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Band Teacher's Corner - Creating a Percussion Success Story

10 Steps To Building a Successful Percussion Section

1) When choosing your percussion section, be very selective. A percussionist must be responsible and organized. With many parts to be covered, musical interpretations to be made, and being responsible for multiple instruments, the best suited student will be a good listener, patient, attentive, detail oriented and be capable of multi-tasking. These skills are above their ability to play the instruments proficiently, read music and keep a steady rhythm!!  Many a good band has gone awry with poorly selected percussion sections (undisciplined, rhythmically challenged, disorganized, students incapable of focusing). Piano or other keyboard experience would also be helpful.

2) Make playing mallets and auxiliary instruments 50% of their mark. Why? They will take seriously their role as musicians and learn to read music.  Snare drum technique is only one of many skills they need to learn to be successful in the percussion section. Learning a mallet instrument skills will make them better at tuning tympani, helps them to listen for melodies in the band, and helps to create an understanding of balance within the band. Ear training is essential for all musicians to develop.

3) Give your percussion section assignments they can work on while the rest of the band is learningKeep them busy learning rudiments, exercises, scales for mallets, and ensemble pieces in a practice room while you are getting the rest of your band going.  Bring them back to class to demonstrate what they’ve accomplished, keeping them accountable for time spent away from the rest of the group.

4) Create a master list of who is covering what partKeep this written in your score as well as having a list that the students can see in the section.  You’ll know what is covered and what is not, who to look at or cue, and who needs assistance with their parts.

5) Put a copy of the master list in your percussion cabinet with extra copies of music. The nature of the percussion section includes the sharing of instruments and parts,  and because of this music tends to get shuffled around and lost.  Writing their names at the top of each sheet of music they receive helps identify the owner of the missing parts, and having an extra binder of music will greatly reduce frustration from lost or mis-placed parts.

6) Rotate students through instruments in your percussion section. Ensure each student has at least one piece on mallets, tympani, auxiliary, snare and bass drum. Although some students may show great strengths in one area or another, “specializing” them will stand in the way of that student developing into a well rounded percussionist. This is where a teacher must ask themselves the point of music education in school. Is it to have the best sounding band, or the most educational experience possible for all students?

7) Before camps or festivals be sure to write out a comprehensive list of what equipment you need **. For example, you need a bass drum, bass drum stand and bass drum mallet to operate a bass drum.  Triangle needs a clip, string and a beater to be fully functional. Suspended cymbal needs a stand (with felts, plastic sleeve and wing nut), and mallets.  ALWAYS bring sticks and mallets, even if the instrument is provided. It is expected.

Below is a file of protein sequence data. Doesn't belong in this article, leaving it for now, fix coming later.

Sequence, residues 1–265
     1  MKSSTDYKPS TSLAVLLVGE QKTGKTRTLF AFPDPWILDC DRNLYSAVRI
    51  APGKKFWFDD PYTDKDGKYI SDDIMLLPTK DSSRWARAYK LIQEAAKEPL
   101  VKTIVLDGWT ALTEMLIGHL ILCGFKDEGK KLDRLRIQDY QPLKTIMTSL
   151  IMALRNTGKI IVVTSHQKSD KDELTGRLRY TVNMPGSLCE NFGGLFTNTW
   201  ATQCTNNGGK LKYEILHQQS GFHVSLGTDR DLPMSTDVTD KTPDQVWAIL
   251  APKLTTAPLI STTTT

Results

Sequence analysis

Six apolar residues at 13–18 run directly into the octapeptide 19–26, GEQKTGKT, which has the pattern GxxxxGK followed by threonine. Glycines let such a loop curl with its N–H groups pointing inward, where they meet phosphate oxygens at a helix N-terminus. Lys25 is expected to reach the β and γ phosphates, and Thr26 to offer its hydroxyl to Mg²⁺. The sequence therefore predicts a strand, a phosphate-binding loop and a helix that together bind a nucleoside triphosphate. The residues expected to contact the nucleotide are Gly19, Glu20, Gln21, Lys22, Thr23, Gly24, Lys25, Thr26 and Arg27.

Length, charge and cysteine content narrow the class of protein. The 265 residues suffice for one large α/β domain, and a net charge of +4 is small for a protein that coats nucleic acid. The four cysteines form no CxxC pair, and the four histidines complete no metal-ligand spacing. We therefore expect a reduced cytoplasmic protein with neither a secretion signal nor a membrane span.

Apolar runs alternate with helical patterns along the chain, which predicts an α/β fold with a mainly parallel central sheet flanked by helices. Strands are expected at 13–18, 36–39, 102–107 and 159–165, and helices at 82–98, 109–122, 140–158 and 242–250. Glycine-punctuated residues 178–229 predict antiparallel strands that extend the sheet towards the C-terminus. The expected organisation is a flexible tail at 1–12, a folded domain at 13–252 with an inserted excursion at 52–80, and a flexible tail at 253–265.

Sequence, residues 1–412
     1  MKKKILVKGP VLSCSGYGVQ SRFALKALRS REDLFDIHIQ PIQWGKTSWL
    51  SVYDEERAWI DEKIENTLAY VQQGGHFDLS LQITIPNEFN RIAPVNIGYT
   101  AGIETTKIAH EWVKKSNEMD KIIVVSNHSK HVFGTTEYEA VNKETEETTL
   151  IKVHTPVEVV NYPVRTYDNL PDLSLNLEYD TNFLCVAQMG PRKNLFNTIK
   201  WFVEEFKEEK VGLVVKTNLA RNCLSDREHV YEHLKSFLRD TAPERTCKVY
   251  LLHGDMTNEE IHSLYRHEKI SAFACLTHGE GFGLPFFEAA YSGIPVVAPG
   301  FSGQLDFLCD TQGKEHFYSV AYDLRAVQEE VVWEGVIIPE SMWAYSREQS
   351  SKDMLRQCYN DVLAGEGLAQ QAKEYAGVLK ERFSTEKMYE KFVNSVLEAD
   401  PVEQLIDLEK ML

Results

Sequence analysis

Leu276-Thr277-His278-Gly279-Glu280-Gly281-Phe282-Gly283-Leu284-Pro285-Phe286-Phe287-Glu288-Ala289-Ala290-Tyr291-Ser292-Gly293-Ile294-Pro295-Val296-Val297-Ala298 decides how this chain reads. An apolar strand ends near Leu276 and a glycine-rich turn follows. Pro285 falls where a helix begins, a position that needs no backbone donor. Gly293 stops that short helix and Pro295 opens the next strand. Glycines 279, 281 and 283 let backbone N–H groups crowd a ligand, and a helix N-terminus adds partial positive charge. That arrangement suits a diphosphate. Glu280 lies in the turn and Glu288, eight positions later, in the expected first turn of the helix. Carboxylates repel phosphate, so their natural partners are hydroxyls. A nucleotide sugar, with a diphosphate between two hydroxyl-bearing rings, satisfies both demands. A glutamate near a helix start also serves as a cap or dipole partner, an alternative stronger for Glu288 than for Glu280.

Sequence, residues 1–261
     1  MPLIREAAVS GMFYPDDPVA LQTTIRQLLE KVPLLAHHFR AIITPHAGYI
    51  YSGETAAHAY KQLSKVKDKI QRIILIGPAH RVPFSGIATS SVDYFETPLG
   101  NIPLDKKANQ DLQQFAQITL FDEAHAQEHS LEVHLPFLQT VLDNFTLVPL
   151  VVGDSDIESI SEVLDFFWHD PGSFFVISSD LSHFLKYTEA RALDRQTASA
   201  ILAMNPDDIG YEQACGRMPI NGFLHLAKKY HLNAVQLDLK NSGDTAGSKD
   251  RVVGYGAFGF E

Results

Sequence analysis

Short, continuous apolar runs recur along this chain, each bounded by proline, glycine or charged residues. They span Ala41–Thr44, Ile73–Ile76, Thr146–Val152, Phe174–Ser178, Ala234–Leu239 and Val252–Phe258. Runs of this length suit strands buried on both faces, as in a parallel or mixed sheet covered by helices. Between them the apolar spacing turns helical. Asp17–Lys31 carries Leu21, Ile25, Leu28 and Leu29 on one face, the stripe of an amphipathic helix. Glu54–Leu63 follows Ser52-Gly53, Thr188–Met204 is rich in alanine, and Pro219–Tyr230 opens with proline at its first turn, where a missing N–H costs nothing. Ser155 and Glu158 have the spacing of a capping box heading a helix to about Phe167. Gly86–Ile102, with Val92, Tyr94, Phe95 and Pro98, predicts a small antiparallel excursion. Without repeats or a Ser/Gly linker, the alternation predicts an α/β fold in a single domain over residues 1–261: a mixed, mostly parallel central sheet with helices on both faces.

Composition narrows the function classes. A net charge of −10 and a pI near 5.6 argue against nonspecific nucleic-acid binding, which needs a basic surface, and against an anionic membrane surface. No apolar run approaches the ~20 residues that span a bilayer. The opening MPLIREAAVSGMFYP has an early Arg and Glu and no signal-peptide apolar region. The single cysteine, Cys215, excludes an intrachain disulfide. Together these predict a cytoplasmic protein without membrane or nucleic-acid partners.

** If you are going to a camp that does not provide tympani, and you do not have space for tympani, please bring toms or something that the tympanist can practice on during your band sessions.

8) Have practice pads and matching sticks wherever you may be. Whether in the band room, at a concert or at camp, having these available is essential. I recommend Vic Firth brand sticks either 5B or SD1 General sized sticks.  Vic Firth brand is reliable in being matched and balanced, and has an American flag where the fulcrum point should be. 5B or SD1 sticks are wider without being overly heavy.  This width allows the back three fingers to feel the stick.  Bring extra sticks and pads to camps and festivals. 5B is suitable for multiple purposes, while SD1 General sticks are designed specifically for snare drum.

9) Have the right tools in your band room. Percussionists need sturdy, height adjustable snare drum stands, good solid music stands to use as trap stands for instruments, towels to use as trap stand covers, functioning mallets, and properly tuned instruments.  Each student should have their own supply: A mallet bag with at least sticks, xylo/bell mallets, yarn mallets for suspended cymbal, and one set of medium tympani mallets.  This system creates a sense of responsibility for mallet care.

10) Be an Enforcer. One of the most common causes of damaged instruments and mallets is use by a non-percussionist. If anyone who is not a percussionist is caught touching percussion equipment, congratulate them for volunteering to help you clean the band room!!  This will deter others from volunteering!

Celene Yohemas is a music educator, freelance percussionist and drummer who teaches hundreds of clinics and workshops every year. If you would like a consultation or to book a clinic, please click here.


For clinicians of any instrumentation, contact Celene.

For rudiments, drum set grooves:

For percussion instruments, music and mallets.
or call 1-888-516-3242 and tell them Celene sent you.

For percussion ensemble music: